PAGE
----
Just a short decade ago, we of the collective automotive world were scratching our heads and wondering: when will Mercedes-Benz, known for fast and cushy rides, deliver a proper, potent driver’s car? The time is now. Meet the 2016 AMG GT and GT S.
Prancing, galloping and snorting beauties
Great Ferraris are some of the most stunning cars to ever put rubber to pavement. These ten pageant winners out of Maranello stir the soul and make car lovers out of hotwheels-vrooming youths.
Some MMasterful, All MMagnificent
Over the decades, BMW’s iconic M3 has only grown in power, performance (and in most cases, weight), going from niche sports sedans to one of the most popular performance-focused automobiles in the industry. The best part? There are five generations of them, all with scintillating, unique details and the underlying similarities of greatness.
A Skyline in the city
With one of the highest thrill-to-dollar ratios of any production car on the planet, the only way to make the Nissan GT-R more monstrous (hello, 0-60 in less than three seconds) is a limited Track Edition. Luckily, we didn’t have to call in any favors or cash in our Bitcoins to get our hands on the 2014 Nissan GT-R Track Edition ($117,000), which serves dual duties as a sports car and a missile.
The Snake Lives On
When thinking of an automotive CEO, one expects a suit topped with a lot of gray hair, moved along with the help of a tidy personal chauffeur in the brand’s finest flagship sedan. Not so with Ralph Gilles of SRT. The man wears a baseball cap and jeans, is remarkably affable, and helms his own supercar creations at the track. He’s passionate and proud of his vehicles, and his latest, the new SRT Viper Time Attack ($123,080) is more deserving of those dotings than any other. This is no “base” version — it’s an impressive track edition of a true American sports car that’s no longer the unhinged, unrefined, chopped-top V10 monster that took to the streets and scared respectable citizens way back in 1999 in the form of the SRT10.
America Gets a World-Class Supercar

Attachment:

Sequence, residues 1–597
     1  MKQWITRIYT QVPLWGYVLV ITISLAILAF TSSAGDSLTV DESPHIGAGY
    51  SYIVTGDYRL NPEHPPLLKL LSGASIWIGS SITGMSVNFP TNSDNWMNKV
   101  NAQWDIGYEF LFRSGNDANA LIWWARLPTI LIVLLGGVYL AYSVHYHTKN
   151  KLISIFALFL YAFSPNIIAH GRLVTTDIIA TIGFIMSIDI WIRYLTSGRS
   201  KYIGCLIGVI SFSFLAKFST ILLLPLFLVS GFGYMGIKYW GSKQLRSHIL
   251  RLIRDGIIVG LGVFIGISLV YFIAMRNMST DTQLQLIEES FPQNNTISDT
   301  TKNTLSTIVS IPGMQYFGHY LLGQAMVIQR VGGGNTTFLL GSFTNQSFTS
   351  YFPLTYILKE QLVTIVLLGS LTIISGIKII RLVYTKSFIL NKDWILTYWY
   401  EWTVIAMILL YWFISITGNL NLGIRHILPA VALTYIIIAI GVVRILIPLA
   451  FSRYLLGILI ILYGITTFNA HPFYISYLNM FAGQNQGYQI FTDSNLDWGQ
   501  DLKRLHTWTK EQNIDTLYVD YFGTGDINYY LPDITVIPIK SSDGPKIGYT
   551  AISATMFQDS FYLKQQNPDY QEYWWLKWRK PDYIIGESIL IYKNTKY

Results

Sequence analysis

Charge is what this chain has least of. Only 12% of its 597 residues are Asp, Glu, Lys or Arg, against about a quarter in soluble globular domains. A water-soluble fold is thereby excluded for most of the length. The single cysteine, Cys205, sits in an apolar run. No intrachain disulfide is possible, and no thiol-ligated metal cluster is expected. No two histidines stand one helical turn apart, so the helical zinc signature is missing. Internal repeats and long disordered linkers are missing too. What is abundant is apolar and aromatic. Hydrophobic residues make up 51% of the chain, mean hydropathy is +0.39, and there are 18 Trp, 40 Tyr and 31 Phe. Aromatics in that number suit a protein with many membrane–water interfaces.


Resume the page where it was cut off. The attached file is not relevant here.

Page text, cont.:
The Chevrolet Corvette is an American icon as popular as baseball and apple pie. But it hasn’t all been pretty. Through its iterations the ‘Vette has brought to mind everything from ’70s chest hair to midlife crises to silk Tommy Bahama shirts, stale cigars and trailer park access. There’s been beauty and power, too — especially in the C4 through C6 generations — but America’s car has always failed to achieve world-class stardom, perhaps pulled down by those sour associations. Everything changes in the seventh-generation C7 ‘Vette. Yes: the 2014 Chevrolet Corvette Stingray ($51,000+) could go down as one of the best American cars ever built.
Charmed by the snake
A perfect homage to the spirit of Ford’s and Shelby’s original GT 500, the 2014 model takes “steroidal” to a whole new level. Starting at only $54,800, this savage serpent uses all 662 of its horses to hit 202 miles per hour at full speed, though you need only start the engine once to believe it’s capable of extreme and endless thrills. It’s capable of eating pavement for breakfast, lunch and dinner but also perfectly happy cruising around town; just be prepared for rubberneckers.
The Methuselah of automotive design
There are a scant number of nameplates that have lasted half a century with uninterrupted production: Mercedes-Benz SL, Jaguar XJ, Chevy Corvette, Chevy Suburban, Ford F-Series. But there’s only one car whose iconic design and sporting identity has remained truly consistent, only one whose recognition as among the best sports cars in the world has gone unmatched for 50 years…the Porsche 911. The 911’s DNA is a formula that’s intoxicating, one that the car world respects and envies. The half-century mark for a car is a colossal achievement, and when that car is the Porsche 911, that much more so.
In this 50th year of the 911, we decided to take a deeper look into the generations and iterations of this remarkable car to see how far it’s come. Not all of the car’s modifications were good ones, but they will all be remembered as part in parcel of what it takes develop an icon through multiple decades.
Enough room for passengers, enough excitement to forget about 'em